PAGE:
Opinion is still divided on the Runaways’ place in the musical universe. To many, they were the first all-girl (instrument-playing) rock band to matter, spiritual godmothers to the Go-Go’s and Bangles, and seminal punk rockers to boot. Others see them as nothing more than a pre-packaged peepshow whose heavy metal-cum-glitter approach was dated from the very start.
Here are the facts: LA teenagers Joan Jett (whose love of T. Rex and Suzi Quatro inspired her to learn guitar) and drummer Sandy West decided to form a band with encouragement (and eventual management) from Kim Fowley. The band that recorded The Runaways was a combination of raw garage-band playing and brassy, high-school-bad-girl sexuality typified by their unofficial anthem, “Cherry Bomb.”
By the time Queens of Noise (a decided improvement over the debut) was released, trouble was fomenting; although Cherie Currie was the “official” lead singer, Jett wound up taking the microphone on six of the ten songs. Things came to a head when, after a tour of Japan (documented on the Live in Japan album), Currie and bassist Jackie Fox quit the band. Vicki Blue was hired as a new bassist, and Jett took over the reins for good.
Except in Japan, the Runaways never made any real commercial inroads. Many saw them as inept puppets — merely another Fowley hype — and refused to take the music seriously. Waitin’ for the Night did nothing to alter that. The album came out just as modern-day punk was emerging, and Jett (if not the rest of the band) readily latched onto the scene to the extent that Steve Jones of the Sex Pistols contributed one song (“Black Leather”) to And Now…The Runaways. But West and guitarist Lita Ford wanted to go in a more heavy metal direction, and the album would prove to be their last.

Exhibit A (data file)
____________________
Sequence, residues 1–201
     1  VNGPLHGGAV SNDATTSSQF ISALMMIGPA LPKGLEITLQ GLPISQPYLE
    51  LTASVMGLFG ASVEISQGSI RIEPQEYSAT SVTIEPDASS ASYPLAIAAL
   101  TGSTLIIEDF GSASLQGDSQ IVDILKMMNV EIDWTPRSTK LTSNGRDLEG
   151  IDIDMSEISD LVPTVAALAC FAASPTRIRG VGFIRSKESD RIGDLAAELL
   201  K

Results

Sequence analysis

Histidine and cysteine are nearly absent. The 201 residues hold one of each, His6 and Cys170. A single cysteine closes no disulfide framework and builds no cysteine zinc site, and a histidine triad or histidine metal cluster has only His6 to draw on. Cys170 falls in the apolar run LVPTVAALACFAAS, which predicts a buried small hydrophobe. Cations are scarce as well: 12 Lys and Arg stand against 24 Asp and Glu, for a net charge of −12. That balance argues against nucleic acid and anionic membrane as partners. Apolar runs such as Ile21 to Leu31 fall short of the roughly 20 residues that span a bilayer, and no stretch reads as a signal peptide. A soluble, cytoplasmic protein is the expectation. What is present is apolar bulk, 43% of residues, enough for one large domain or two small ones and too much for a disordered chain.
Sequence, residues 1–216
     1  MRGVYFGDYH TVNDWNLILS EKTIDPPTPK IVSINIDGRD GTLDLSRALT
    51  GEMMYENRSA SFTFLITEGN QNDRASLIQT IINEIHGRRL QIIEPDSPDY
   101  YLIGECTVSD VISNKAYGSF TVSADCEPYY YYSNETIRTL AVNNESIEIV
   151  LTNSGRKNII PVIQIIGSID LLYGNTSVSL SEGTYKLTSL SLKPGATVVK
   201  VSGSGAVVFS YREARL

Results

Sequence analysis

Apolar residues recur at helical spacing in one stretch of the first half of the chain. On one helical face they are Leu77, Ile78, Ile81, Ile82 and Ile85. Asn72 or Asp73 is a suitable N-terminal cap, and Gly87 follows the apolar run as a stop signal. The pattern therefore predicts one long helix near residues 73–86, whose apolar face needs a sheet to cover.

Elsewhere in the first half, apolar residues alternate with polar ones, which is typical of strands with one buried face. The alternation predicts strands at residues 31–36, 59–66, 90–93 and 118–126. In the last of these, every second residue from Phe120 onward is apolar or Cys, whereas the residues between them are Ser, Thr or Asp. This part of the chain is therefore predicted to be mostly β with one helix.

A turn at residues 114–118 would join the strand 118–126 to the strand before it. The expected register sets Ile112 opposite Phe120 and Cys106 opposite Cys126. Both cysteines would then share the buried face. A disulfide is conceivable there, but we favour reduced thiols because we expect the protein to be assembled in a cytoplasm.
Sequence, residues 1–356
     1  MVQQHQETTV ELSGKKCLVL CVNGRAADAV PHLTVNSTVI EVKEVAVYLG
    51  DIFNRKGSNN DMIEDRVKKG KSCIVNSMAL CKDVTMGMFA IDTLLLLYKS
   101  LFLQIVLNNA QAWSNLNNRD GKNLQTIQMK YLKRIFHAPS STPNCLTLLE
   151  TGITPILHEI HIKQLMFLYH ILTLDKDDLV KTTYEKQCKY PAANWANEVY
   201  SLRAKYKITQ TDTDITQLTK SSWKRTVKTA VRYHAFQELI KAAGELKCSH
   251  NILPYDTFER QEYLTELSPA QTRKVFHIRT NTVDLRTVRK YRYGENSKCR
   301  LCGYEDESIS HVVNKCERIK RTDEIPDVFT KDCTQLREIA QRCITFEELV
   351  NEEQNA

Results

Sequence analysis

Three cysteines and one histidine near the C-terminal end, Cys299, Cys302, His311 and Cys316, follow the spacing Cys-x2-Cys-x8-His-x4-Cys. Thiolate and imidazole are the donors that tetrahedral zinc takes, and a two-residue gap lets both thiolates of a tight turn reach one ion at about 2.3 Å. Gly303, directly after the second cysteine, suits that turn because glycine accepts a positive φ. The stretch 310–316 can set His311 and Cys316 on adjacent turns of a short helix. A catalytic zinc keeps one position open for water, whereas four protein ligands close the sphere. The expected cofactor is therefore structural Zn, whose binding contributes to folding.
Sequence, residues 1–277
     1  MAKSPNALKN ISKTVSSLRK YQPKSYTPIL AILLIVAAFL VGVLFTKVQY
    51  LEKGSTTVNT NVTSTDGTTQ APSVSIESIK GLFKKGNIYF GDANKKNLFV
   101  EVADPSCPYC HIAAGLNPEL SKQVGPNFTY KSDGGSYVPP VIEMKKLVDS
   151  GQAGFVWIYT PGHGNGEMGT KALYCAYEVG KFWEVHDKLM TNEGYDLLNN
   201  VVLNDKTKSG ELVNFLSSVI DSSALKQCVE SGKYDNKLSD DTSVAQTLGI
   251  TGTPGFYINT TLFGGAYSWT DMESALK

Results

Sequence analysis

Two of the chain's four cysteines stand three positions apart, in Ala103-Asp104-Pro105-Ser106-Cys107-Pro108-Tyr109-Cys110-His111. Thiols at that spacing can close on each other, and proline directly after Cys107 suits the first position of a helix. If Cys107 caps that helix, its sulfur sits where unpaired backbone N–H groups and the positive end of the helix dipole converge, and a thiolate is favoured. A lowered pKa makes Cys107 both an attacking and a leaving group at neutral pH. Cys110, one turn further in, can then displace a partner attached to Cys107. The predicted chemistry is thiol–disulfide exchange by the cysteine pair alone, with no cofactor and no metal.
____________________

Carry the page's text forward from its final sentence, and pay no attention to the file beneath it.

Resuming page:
Posthumous notes: Flaming Schoolgirls is a substandard odds and ends compilation of live tracks and studio outtakes, while Little Lost Girls is actually And Now…The Runaways re-released as a picture disc. The Best of the Runaways and I Love Playing with Fire are further recaps of various material. As for the band members, Joan Jett hit the jackpot as a solo artist; Lita Ford became a huge metal star under her own name; Laurie McAllister (who held down the bass spot in the band’s waning months) ended up in another all-girl Fowley project, the Orchids. Cherie tried film roles and sang solo and with her twin sister Marie.